Thursday, December 22, 2005

State Formation and Periodization
in Historiography

This article is about how small proto-states (Inner Asian) on the frontier of larger states (China) become states. I believe it is relevant to the study of how small Tai states on the Burma-Yunnan frontier developed (c. 1350-1600). This free online article was published in the Journal of World History: Nicola Di Cosmo, "State Formation and Periodization in Inner Asian History," Journal of World History 10, no. 1 (Spring 1999): 1–40.

Di Cosmois now at the Institute for Advanced Study at Princeton the same place where Einstein worked. The institute has a School of Historical Studies. Di Cosmo is an expert on state formation and was cited in the announcement for an upcoming conference state expansionat the Asia Research Institute at the National University of Singapore.

Even though the history addressed in the paper is Inner Asian history, the historiographical approach can be applied to pre-modern Burmese history. The paper "explores the basic mechanisms of state formation in inner Asia and presents an argument for the periodization of inner Asian history based on the incremental ability of inner Asian empires to extract from outside sources the wealth necessary for the maintenance of political and military state apparatus."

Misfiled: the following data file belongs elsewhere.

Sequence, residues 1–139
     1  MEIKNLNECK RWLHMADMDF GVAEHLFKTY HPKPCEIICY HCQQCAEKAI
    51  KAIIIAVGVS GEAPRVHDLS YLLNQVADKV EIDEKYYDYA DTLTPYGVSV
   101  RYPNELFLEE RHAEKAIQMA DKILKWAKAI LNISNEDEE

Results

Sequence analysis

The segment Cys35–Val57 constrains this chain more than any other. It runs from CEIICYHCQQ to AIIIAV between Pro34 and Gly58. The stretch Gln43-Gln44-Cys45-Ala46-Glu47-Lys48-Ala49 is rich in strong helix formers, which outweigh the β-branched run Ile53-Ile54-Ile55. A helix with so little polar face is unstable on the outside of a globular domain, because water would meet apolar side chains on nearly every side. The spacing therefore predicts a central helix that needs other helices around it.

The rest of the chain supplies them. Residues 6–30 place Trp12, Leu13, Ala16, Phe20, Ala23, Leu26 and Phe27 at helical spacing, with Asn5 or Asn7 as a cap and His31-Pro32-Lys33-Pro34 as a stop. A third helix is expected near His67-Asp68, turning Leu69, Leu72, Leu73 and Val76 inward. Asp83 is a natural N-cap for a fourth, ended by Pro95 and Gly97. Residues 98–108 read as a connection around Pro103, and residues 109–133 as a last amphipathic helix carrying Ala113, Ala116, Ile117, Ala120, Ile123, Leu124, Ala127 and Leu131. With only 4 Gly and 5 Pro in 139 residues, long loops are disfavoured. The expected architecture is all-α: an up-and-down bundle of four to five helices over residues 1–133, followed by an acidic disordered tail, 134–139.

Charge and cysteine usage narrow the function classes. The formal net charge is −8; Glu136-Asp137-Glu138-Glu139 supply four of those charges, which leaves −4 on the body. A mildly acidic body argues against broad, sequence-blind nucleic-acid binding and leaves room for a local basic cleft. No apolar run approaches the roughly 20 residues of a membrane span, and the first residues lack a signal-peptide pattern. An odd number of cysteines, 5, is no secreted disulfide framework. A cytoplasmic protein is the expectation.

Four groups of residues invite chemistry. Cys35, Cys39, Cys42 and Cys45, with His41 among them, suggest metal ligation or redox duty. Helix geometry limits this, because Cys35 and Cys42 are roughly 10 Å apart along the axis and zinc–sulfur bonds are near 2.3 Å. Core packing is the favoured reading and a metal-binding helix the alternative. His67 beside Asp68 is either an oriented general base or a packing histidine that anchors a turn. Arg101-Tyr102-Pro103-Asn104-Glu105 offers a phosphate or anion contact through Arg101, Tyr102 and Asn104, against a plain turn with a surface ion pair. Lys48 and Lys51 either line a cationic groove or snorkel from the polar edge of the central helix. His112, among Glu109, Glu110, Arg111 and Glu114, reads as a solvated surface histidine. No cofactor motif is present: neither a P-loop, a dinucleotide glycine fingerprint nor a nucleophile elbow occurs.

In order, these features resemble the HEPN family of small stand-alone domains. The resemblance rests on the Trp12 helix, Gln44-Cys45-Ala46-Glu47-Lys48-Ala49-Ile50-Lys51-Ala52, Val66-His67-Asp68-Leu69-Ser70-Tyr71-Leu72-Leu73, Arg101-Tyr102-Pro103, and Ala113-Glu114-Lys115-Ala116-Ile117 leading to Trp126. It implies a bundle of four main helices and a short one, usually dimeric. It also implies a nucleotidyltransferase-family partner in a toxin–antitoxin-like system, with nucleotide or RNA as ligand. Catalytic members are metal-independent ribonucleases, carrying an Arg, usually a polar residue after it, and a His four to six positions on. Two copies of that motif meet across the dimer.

The role of periodization in historical writing is analyzed: "Periodizations are necessary analytical tools that permit the historian to identify key moments of transition, whose significance and validity depend, naturally, upon the criteria adopted to qualify historical change. The measure of the validity of any periodization rests in its ability to isolate elements accountable for change, whether the subject is society, institutions, production, or cultures" (page 3).

The paper advocates periodizations based on connections between regions, using "phenomena that would bring to the surface connections among different regions of the world — connections otherwise invisible to historians who investigate a single society or civilization. The web of linkages thus uncovered would eventually show the 'systemic' relations existing between 'areal' histories previously considered separately."

This paper is so extensive and useful in a general sort of way that it will warrant multiple postings in the future to this weblog. The genealogy of the ideas it uses can be traced back to the field of political anthropology. I used this article in a recent paper published in the SOAS Bulletin of Burma Research (SBBR).